Index Funds: What John Oliver Left Out

Last Week Tonight With John Oliver is just a glorious show. This Sunday’s show was no exception.

If retirement accounts and fund choices scare you, that video is a fantastic introduction to investing that touts the benefits of index funds and the dangers of non-fiduciary financial advisors.

The thing is, I was an index investing convert even before I joined the working world, and I was still completely confused when it came time to choose investments for my 401k. As Fluffster now holds a Bachelor of Financial Advising (you can too, just click that link ;), here is a hopefully-straightforward supplement.

Fluffster Finance Certificate


If for some reason you haven’t watched this Sunday’s Last Week Tonight, or otherwise do not know much about investing and index funds, this section is here to help you.

Be average.

While there may be some people that consistently make good investment choices (looking at you, Warren Buffet – who of course reads my blog), the vast majority of us just can’t, including many who are literally paid to figure this stuff out. Some financial advisors are glorified salesmen that profit from pushing certain funds.

We humans are also incredibly emotional and can’t be trusted to use logic – even analytical engineering types like Fergus and me. We actually bought our first individual stock a few months ago after a major dip: Tableau company stock. It is by no means a large part of our portfolio, but man was I anxious at first! I’ve cooled down recently, but I was checking that stock every day for a while, wondering if we should not have bought it, if we should have bought more, if we should have bought it earlier or later,  when we should sell it…so much stress over a tiny part of our portfolio. I would be a completely different person if I actively managed our entire portfolio.

But you don’t have to stress and research and pick winners – just pick all the stock! By investing in lots of different companies, or even most of the publicly traded companies, you can get average market returns. Index funds do this for you by buying a piece of every part of the market in a giant fund that you partially own. By buying a share (or even a partial share) of an index fund, you own a little bit of every stock within that giant fund. Magic!

As a final note – index funds are not always labeled as such. It took me a ridiculously long time to realize that index funds are mutual funds.When you buy a mutual fund, you’re essentially buying multiple stocks (or bonds or other investment vehicles) at once. Mutual funds allow ordinary investors the ability to easily diversify, to not have all their proverbial eggs in the basket. Index funds are mutual funds that are not actively managed and follow an index of some kind – The S&P 500, for instance, or even the total US stock market. Index funds have lower expense ratios, meaning they cost less to own each year.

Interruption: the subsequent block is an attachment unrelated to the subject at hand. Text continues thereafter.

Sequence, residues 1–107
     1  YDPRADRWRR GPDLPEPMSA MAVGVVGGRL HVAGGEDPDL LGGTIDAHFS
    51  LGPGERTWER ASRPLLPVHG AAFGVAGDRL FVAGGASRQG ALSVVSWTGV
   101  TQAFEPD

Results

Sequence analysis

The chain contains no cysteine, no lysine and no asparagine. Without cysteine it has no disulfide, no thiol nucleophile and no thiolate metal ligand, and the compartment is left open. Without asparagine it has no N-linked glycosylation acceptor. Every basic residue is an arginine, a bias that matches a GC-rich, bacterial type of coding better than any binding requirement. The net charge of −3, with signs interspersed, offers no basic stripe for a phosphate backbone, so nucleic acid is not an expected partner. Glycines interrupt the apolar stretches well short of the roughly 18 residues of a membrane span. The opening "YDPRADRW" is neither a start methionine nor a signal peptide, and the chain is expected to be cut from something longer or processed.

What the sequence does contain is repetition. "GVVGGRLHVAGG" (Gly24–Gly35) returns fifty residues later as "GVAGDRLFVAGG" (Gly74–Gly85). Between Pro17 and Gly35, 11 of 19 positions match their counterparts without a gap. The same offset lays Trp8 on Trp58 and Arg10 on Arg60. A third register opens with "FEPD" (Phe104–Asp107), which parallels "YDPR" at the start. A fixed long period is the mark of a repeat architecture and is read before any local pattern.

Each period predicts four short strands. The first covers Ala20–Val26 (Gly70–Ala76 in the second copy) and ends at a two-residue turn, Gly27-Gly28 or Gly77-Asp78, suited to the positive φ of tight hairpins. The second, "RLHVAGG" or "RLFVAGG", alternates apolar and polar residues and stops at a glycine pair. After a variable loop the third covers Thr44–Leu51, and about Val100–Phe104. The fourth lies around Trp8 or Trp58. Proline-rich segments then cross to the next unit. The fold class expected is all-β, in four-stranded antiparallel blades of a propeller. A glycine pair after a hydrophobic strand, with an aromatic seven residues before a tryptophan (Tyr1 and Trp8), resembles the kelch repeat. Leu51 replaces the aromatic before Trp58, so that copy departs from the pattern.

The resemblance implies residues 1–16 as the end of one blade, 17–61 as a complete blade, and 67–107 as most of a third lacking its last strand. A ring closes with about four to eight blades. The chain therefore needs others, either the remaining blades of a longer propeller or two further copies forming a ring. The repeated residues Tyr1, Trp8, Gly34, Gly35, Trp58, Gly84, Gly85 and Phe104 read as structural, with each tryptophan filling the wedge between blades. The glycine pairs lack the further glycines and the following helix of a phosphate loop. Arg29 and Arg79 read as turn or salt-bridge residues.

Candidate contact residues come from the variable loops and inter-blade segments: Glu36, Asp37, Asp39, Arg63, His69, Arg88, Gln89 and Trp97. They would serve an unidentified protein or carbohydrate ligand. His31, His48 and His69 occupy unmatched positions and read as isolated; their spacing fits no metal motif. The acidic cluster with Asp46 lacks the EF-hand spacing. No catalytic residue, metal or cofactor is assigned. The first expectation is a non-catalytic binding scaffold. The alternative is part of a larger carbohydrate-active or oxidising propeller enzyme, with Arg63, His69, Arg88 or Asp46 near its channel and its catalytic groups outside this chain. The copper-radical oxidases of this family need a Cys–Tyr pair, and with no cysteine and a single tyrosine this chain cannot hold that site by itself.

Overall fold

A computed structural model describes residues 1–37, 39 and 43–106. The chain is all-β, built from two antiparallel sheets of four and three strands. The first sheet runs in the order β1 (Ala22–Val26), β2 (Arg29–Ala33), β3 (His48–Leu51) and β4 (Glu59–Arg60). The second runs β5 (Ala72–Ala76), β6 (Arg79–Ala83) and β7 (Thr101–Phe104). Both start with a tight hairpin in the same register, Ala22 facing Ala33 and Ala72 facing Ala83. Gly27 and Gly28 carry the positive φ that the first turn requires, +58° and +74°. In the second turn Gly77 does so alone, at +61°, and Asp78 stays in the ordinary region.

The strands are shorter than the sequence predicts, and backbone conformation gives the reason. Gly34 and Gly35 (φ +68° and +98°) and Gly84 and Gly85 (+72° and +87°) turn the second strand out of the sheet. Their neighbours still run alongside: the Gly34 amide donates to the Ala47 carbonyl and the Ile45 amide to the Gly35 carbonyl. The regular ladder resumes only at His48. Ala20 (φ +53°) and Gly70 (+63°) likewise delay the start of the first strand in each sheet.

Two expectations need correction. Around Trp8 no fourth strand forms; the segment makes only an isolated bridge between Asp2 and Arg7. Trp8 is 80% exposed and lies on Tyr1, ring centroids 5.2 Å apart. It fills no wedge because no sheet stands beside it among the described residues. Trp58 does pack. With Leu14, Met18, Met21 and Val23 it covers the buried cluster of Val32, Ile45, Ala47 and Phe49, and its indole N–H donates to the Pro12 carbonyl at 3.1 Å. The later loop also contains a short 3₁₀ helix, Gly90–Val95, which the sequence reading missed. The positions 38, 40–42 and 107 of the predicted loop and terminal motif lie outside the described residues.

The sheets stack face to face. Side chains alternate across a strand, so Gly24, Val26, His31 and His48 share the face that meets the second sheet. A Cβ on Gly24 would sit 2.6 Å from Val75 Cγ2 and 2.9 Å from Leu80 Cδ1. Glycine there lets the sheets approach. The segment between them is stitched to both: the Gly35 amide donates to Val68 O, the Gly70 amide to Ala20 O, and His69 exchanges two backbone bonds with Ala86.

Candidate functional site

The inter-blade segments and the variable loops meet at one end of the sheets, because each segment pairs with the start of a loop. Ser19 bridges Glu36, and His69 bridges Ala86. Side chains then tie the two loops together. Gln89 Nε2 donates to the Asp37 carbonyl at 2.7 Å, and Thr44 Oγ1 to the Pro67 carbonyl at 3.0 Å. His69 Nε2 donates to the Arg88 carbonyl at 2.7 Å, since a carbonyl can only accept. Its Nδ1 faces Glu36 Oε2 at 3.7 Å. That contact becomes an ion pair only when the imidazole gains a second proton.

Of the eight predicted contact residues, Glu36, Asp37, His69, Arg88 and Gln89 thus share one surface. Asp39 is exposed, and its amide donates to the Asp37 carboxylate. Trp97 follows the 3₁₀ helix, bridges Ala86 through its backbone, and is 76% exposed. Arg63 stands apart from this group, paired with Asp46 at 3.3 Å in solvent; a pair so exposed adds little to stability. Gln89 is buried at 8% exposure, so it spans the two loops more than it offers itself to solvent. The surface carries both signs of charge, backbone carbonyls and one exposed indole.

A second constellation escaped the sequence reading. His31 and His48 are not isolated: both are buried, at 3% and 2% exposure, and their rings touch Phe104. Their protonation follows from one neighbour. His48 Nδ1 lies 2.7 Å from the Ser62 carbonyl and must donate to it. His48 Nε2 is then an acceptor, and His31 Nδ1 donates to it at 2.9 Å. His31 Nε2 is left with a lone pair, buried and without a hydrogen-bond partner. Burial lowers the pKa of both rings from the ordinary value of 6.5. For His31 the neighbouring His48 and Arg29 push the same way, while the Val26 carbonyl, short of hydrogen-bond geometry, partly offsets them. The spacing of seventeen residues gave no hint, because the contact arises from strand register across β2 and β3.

How to Be Insanely Smart and Know Terms Like Asset Allocation

Asset Allocation is a fancy word for a simple idea. Your investments? Those are assets. Their allocation? Simply the makeup of your investments. That is, what different things do you own, and how much? Basic asset allocations involve percentages of stocks and bonds, such as 90% stocks, 10% bonds.

Asset Allocation is important because of risk tolerance and uncertainty.

There is no magic allocation that is better than all other strategies looking forward. We can look at the past, sure, but past performance is not a guarantee of future success. Seriously y’all, if anyone tells you differently, you should ignore the next words out of their mouth. They probably also have horrible taste in food and you should judge them.

Accept that you are not entirely rational and learn your limits. Stocks have higher historical returns, but they also have a higher chance of losing value in the short term. This is why high stock allocations are typically suggested for younger people who are farther away from retirement, and retirees are advised to have more in bonds.

The worst single day in the US stock market’s history? Black Monday – October 19th, 1987. A loss of 22.61%. If you started out with $100k that morning, all invested in a total stock market index, the account would be worth $77.39k at the end of the day. Just think about that – would you be watching during the day? Would you feel the need to sell before the market bottoms out? Would you be panicking?

Fluffster would. That is why he invests only in stuffed animal futures.


Allocation Examples

Everything in this article is about the basics. So, dear readers, I offer you a spectrum, based on your risk tolerance, and using the simplest and easiest to understand indices (with a huge United States bent because, well, that’s all I know).

Basic Ingredients

Total US Stock Market Index – All the stock [Examples: Vanguard’s VTSMX, Fidelity’s FSTMX, Schwab’s SWTSX (Schwab’s US Broad Market SCHB is pretty close as well)]

Total US Bond Market Index – All the bonds [Examples: Vanguard’s VBMFX, Fidelity’s FTBFX, Schwab’s SWLBX]